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Pixeldust created a series of stunning space CGI for Searching: Our Quest for Meaning in the Age of Science, which was aired on PBS NOVA. These animations helped to illustrate several complex phenomenon and cosmic events. For this three hour program, Pixeldust ensured scientific accuracy by working in close collaboration with renowned American physicist Alan Lightman and director Geoffrey Haines-Stiles. These animations included (but were not limited to) the formation of the stars and our galaxy, unimaginably powerful explosions, and a curious astral phenomenon known as galactic fountains. Having over a decade of experience producing realistic space animations, Pixeldust was well equipped for this task. 

CG/VFX Supervisor: Samar Shool

Producers: Elizabeth Andrade, Emily Vitek

Animator: Andy Hencken


For this star formation sequence, Pixeldust’s CG Supervisor Samar Shool was tasked with the challenge of visualizing thick gaseous regions inside galaxies, which collapse under their own weight, becoming dense and hot enough to create nuclear reactions. Pixeldust utilized state of the art visual effects software to engineer the creation of the complex gas behavior requred for this animation. With careful attention to detail, as well as a precise control over the motion of the particles which make up the animation, the CG team successfully produced these complex photo-real 3D renders.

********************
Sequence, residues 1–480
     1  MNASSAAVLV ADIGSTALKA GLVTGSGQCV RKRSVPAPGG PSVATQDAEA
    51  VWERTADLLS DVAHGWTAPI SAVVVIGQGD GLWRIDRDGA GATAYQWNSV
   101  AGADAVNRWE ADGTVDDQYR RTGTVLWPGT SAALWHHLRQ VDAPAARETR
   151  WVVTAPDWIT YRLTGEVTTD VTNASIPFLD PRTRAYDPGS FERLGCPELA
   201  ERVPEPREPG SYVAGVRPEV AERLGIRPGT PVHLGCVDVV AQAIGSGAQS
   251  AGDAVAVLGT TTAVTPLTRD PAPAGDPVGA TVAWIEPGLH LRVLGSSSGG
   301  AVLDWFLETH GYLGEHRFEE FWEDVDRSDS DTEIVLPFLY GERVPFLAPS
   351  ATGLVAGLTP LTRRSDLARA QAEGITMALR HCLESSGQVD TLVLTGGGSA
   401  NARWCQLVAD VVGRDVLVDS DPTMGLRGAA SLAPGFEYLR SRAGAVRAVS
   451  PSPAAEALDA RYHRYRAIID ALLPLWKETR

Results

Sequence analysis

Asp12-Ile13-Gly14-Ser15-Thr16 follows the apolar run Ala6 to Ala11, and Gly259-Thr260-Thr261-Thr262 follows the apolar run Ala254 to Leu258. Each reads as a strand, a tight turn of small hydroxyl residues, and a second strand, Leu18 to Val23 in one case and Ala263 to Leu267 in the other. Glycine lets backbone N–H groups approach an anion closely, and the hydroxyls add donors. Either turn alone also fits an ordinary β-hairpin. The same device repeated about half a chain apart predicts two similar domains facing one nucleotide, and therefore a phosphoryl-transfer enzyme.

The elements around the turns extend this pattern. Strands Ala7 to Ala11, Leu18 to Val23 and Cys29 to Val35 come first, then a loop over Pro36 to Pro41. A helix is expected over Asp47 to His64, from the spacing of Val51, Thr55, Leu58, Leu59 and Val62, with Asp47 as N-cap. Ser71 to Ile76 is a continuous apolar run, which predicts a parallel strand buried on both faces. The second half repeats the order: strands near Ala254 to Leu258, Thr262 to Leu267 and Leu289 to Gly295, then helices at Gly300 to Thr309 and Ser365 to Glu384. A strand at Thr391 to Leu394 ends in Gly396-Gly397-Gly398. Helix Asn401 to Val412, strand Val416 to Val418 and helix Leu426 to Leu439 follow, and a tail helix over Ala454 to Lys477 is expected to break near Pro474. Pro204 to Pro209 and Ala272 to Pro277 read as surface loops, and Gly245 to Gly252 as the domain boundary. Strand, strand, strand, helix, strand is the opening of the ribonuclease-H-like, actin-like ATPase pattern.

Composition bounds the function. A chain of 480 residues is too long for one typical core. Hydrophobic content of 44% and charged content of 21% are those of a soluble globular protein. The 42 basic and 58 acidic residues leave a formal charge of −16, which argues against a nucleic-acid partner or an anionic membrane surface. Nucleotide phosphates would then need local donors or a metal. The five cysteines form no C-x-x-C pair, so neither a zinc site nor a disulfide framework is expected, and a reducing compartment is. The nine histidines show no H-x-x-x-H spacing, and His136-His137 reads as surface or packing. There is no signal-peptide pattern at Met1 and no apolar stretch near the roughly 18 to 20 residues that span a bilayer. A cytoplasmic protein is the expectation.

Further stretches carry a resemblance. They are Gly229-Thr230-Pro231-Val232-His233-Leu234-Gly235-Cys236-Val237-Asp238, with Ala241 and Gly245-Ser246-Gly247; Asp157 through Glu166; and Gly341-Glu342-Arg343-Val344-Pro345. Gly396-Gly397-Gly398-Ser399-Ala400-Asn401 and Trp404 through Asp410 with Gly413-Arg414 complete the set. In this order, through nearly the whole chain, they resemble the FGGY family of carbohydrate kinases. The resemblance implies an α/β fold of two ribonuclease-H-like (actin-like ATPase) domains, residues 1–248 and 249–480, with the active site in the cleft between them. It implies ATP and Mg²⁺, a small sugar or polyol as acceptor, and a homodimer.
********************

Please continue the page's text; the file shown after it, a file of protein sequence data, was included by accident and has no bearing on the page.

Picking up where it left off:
NASA’s Chandra X-ray Observatory captured an iconic image of a supernova remnant known as Cassiopeia A. Pixeldust was provided with these still images, in which different colors represent the various elements which are being spewed through space. Pixeldust’s CG supervisor led the effort to transform these still images into a realistic animation which re-enacts this dazzling supernova. This animation captures the explosion in all its glory with a heightened sense of drama, all while remaining true to the original capture from NASA.


Galactic fountains describe a large-scale cosmic event which is the result of multiple supernovas exploding at the same time, where gases shoot away from the galaxy (in this case, our Milky Way), and rain back down onto it. Pixeldust utilized well-rehearsed visual effects techniques to simulate this complex phenomenon to scientific accuracy.


Pixeldust was tasked with simulating the expansion of a gaseous planetary star, known as a red giant. Pixeldust spent considerable effort in ensuring the surface of the star was scientifically accurate. A sense of scale was also of critical value, since the great amount of negative space found in outer space can often lead to confusion as to whether the star is growing or the viewer is moving towards it. Pixeldust succeeded in creating this sense of scale by utilizing a variety of camera angles, as well as including nearby planets which become engulfed in the red giant’s expansion.


Throughout these series of space animations, Pixeldust utilized the best available industry standards for carrying out the complex simulations required for accuracy. In order to engineer this complex behavior of gas matter at a very large scale, we developed vfx tools using Houdini. This vfx program offered precise control over the motion of the particles rendered as gases and was able to handle large volumes of particle simulation. For rendering we devised a pipeline where Houdini particle data would be piped into realtime rendering solution in Unreal Engine for speedier photoreal rendering of this level of complex animation. The result, the team hopes you’ll agree, was nothing short of spectacular. To see the series, visit SearchingForMeaning.org